Home » Topic » Appendicitis in children

What is appendicitis?
What are the causes?
What are the symptoms?
When should the doctor be called?
How is the diagnosis made?
What is the treatment?
What are the complications?
Can it be prevented?
Fri,17 Aug 2001 05:30:00 +0530
Written by : Dr Anurag Krishna
Checked by :
  • What is appendicitis?
    Fri,17 Aug 2001 05:30:00
    The appendix is a finger-like structure at the junction of the small and large intestines. It serves no function in the human body. Inflammation of the appendix is called appendicitis. This is a common surgical emergency in children that requires prompt medical attention and hospitalisation. A delay in diagnosis and appropriate treatment is dangerous as the inflamed appendix may burst, spreading the infection in the entire abdominal cavity.
  • What are the causes?
    Fri,17 Aug 2001 05:30:00
    The exact cause of appendicitis is not known. However, if faecal matter blocks the lumen of the appendix, the secretions keep collecting and may get infected causing appendicitis.
  • What are the symptoms?
    Fri,17 Aug 2001 05:30:00
    Appendicitis is uncommon in children below the age of two. The usual symptoms of appendicitis are:
    • Pain, that starts around the navel or belly button, but soon shifts to the right lower part of the tummy.
    • Vomiting that usually follows the pain
    • Fever
    • Loss of appetite
    The child is usually constipated, but occasionally the initial presentation may be with loose stools. The child becomes listless and lies quietly in bed. Movements may cause pain and he walks bent forwards with his hand to the tummy. He resents examination of his tummy, particularly the lower part.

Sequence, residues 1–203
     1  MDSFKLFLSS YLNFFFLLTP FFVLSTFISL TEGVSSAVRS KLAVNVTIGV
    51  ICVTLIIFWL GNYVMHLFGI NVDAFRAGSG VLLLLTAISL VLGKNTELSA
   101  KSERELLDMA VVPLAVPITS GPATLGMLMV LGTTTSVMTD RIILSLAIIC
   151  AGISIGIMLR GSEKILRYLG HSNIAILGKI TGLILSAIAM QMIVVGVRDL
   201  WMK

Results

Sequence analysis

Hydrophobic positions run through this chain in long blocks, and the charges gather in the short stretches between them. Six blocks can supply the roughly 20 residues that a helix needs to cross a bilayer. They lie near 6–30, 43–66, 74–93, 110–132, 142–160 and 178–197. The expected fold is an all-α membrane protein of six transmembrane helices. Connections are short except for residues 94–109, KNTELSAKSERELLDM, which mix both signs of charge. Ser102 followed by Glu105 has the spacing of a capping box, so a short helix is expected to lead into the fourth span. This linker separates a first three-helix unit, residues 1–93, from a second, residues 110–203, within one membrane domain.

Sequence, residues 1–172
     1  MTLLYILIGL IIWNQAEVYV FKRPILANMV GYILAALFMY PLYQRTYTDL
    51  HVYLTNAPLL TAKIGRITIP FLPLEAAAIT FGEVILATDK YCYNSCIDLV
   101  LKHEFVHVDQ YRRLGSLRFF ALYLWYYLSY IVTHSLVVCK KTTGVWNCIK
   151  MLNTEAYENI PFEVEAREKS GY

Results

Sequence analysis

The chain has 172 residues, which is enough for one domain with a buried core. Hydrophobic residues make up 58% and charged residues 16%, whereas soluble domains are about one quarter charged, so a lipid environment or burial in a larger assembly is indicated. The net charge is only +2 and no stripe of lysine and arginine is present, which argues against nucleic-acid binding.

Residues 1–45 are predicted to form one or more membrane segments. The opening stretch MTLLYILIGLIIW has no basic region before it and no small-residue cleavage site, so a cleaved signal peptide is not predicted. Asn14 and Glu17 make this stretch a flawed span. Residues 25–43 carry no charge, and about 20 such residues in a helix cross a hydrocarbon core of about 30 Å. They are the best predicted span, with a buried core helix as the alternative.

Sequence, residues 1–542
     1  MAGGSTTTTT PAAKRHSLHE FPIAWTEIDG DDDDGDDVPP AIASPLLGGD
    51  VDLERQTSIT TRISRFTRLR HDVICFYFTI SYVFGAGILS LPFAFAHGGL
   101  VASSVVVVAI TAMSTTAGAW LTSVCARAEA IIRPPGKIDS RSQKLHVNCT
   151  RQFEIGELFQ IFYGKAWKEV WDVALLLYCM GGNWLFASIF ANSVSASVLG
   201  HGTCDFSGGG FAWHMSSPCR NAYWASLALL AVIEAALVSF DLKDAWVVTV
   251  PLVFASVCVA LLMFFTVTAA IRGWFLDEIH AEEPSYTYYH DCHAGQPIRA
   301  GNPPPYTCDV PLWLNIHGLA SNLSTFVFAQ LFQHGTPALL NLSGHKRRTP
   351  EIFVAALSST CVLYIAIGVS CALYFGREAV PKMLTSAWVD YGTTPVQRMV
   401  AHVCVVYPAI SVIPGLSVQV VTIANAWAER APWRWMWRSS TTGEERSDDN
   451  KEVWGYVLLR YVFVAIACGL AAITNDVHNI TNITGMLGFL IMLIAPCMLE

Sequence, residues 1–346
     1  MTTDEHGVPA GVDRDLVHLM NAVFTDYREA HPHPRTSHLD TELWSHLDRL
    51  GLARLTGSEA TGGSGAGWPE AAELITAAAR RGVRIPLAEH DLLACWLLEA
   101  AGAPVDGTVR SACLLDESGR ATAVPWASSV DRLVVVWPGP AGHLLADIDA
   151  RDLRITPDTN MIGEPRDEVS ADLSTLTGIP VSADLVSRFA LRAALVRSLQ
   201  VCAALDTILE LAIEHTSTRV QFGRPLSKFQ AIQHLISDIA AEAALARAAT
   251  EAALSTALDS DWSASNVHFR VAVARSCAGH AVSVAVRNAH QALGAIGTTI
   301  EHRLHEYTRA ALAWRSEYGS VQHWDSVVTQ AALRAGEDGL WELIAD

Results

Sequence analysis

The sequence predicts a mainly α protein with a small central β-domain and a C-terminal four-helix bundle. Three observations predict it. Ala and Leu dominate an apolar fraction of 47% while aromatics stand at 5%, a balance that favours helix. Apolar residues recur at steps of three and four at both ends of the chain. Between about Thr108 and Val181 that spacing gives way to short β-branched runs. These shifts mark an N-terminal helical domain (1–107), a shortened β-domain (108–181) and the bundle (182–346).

• When should the doctor be called?
    Fri,17 Aug 2001 05:30:00
    Acute appendicitis must be suspected whenever a tummy ache lasts for more than 3-4 hours and is located in the right lower part; the child passes small quantity of mucousy stool frequently; has fever and vomiting; or, his tummy bloats. When suspected, the doctor must be immediately consulted. The child must not be given anything to eat or drink; or any pain relieving medicines till the doctor has examined him.
  • How is the diagnosis made?
    Fri,17 Aug 2001 05:30:00
    The surgeon makes the diagnosis essentially on clinical evidence. There is no laboratory test that gives a foolproof diagnosis of acute appendicitis. Often blood and urine tests are done and an ultrasound scan of the abdomen asked for. These tests are done to support a diagnosis and not to make it. The most experienced surgeons may not be correct 100 percent of the time. Even if the tests are negative and the clinical suspicion is very high, it is safer to have a normal appendix removed than risk leaving an inflamed appendix inside the abdomen.
  • What is the treatment?
    Fri,17 Aug 2001 05:30:00
    Much as one would like to avoid operations in children, the only treatment of acute appendicitis is appendicectomy, or removal of the appendix. This operation should be performed early to avoid the various complications of appendicitis. The operation is short and safe and performed under general anaesthesia. A small cut is made in the lower right part of the abdomen. The inflamed appendix is detached from the intestine and is removed. Any pus collection, if present, is mopped up. Children recover fairly quickly afterwards. The fever settles down in a day or two, they are allowed to eat within 2 days and are usually out of hospital within 3-4 days. They are back to school within a couple of weeks.

    The appendix may be removed by the traditional open operation or by laparoscopy. The surgeon decides which is the more appropriate method in a particular case. Laparoscopy in children may not have the many advantages over the open operation as it does in adults.
  • What are the complications?
    Fri,17 Aug 2001 05:30:00
    One of the dreaded complications of acute appendicitis in children is that it may burst, spreading infection in the entire abdominal cavity (peritonitis). This is a serious condition and the child becomes very sick. If a child, who is having severe pain of appendicitis, suddenly feels a relief from pain, this must raise an alarm. This may mean that the appendix has ruptured. Untreated appendicitis may also result in a localised collection of pus, called appendicular abscess.
  • Can it be prevented?
    Fri,17 Aug 2001 05:30:00
    There is no known method of preventing appendicitis. However, children who eat a high fibre diet may have a lower chance of developing the disease.

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